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90 - WOMEN'S UNDERGARMENTS,
RUFFS, COLLARS & CUFFS

Period Pattern ™ No.90
Women's Undergarments, Ruffs, Collars & Cuffs

Includes patterns for 5 chemises, 2 corsets 2 farthingales (Spanish and French), 2 partelets, 2 bumrolls, neck & wrist ruffs, standing ruff, collar, falling collar, Golilla (Spanish collar), and 4 cuffs (sizes 8-18 included). These are just the thing to wear with the tunics and gowns from Period Patterns no. 16 , 21, 26, 41, 46, 51, 56, and (although sized for women) 58.

Chemises were worn for comfort, to keep body dirt off the outer clothes, and for sleeping. They were also often allowed to show for decoration, at the neck, wrist and/or through slashes in the sleeve or bodice (Period Patterns™ 41, 46, 51 and 56).

Corsets, farthingales (hooped petticoats) and bumrolls reshaped the body into a fashionable silhouette.

These undergarments as well as partelets, ruffs, collars and cuffs were worn for style and social status (the more elaborate and constricting a piece of clothing was, the less practical, thus denoting the higher status of the wearer). Undergarments could be plain or extremely decorative (especially if designed to show); they could be made of linen, wool, fine imported silk, brocaded velvet with gold threads woven into the design, etc. They could be embroidered with silk or metallic threads and sometimes even had jewels sewn on.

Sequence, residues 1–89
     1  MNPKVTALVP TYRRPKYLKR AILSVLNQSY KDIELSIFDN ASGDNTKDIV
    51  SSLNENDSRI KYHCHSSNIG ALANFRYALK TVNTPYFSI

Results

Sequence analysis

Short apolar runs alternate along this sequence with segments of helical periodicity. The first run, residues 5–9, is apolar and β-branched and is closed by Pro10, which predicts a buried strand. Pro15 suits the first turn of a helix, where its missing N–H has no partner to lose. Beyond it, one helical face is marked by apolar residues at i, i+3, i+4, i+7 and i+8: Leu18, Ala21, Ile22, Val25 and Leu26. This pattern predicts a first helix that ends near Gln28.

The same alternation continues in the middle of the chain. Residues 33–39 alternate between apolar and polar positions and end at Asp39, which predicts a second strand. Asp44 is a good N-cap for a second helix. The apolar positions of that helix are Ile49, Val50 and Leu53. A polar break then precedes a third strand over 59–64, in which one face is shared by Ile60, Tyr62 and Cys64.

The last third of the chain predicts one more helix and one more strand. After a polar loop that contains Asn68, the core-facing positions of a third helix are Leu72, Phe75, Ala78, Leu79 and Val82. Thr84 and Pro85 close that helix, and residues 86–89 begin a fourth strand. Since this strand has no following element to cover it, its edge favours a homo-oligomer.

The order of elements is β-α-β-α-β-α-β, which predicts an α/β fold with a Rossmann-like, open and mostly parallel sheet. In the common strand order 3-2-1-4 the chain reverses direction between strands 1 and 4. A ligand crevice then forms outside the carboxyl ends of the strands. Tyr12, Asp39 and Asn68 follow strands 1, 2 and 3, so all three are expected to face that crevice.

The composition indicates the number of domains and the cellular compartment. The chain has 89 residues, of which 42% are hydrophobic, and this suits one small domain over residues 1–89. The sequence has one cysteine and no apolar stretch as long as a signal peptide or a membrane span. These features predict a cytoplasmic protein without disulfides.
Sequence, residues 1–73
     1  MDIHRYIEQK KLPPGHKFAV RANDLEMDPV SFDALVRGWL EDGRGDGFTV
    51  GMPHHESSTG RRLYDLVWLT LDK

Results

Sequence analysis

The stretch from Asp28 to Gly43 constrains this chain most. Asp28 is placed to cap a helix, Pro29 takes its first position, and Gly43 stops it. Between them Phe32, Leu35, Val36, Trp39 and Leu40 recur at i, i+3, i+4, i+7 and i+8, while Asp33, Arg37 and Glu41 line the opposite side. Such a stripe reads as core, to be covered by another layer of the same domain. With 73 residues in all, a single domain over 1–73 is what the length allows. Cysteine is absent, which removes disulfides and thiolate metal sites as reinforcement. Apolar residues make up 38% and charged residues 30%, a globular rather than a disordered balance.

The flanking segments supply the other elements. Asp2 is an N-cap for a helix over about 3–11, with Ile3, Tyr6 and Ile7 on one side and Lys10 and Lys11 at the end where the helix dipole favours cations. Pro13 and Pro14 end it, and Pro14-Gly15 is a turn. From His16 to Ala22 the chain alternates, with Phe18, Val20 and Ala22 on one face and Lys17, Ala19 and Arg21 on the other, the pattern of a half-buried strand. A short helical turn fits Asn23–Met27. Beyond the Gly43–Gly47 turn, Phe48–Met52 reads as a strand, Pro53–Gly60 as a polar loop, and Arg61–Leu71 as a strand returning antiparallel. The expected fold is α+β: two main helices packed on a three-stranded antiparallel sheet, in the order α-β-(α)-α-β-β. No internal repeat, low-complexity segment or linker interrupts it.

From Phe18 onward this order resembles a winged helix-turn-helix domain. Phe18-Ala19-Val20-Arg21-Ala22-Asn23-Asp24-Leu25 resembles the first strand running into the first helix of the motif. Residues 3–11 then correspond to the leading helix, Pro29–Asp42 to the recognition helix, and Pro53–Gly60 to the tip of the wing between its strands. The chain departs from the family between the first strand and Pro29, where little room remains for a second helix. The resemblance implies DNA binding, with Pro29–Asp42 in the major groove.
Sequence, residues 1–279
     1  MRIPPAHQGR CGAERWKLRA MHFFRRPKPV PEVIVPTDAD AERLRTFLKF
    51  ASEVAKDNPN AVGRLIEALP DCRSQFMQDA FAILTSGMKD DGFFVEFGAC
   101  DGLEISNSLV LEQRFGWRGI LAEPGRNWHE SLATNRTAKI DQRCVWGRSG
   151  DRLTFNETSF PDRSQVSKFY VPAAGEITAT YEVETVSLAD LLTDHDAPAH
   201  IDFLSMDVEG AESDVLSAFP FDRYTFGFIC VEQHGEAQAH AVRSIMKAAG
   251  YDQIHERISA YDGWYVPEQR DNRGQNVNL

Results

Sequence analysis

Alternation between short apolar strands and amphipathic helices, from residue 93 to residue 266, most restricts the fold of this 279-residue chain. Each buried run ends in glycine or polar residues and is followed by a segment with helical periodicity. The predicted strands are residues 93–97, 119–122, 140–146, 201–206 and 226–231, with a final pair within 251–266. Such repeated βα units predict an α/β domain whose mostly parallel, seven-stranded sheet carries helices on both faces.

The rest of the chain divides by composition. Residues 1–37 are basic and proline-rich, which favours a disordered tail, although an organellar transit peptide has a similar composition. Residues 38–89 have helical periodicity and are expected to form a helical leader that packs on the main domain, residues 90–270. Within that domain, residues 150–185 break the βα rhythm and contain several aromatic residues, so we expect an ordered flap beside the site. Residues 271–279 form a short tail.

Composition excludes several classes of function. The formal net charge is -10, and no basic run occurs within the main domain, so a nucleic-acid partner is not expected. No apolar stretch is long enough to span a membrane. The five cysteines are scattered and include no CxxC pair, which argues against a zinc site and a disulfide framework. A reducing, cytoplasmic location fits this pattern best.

No-90 view VI chemise, and views VII and VIII neck and wrist ruffs and cuffs
No-90 view II with trimmed collar and view IV farthingale worn over no56 based on various views
No.90, view III - JB, Pennsic, 1994
No-90 view IV farthingale and view VII ruffs worn with no56 views II and III with some alterations
No-90, view IV, farthingale, and view VIII, bumroll, worn with #56, view I, rear view - Pennsic, 1993
No.90, view II, worn under #41, view VII without oversleeves - KS, Virginia, 2014
No.90, view II, worn under #56, view III without tabs, sleeves or shouler roll - Pennsic, 2014
Visit out photo Album for more photos
You will find the pattern views on the cover in the album section

It was more common to reserve the richer fabrics and decoration (and certainly pearls and jewels!) to areas it would show and to smaller areas like the upper part of chemises which could be “faked” so the expensive fabric was used only where it might show). The limit was whatever the owner could afford (and the sumptuary laws allowed!). Many styles will not have the right shape without the proper undergarments, and others will not look right.


Comments we've received on this pattern:

  • Roberta S, Wichita, KS“I purchased a pattern developed by your organization. I absolutely love it. It was such a big help when I needed to make a chemise for myself and my daughter... The illustrations with #90 are great.”

    Roberta S, Wichita, KS

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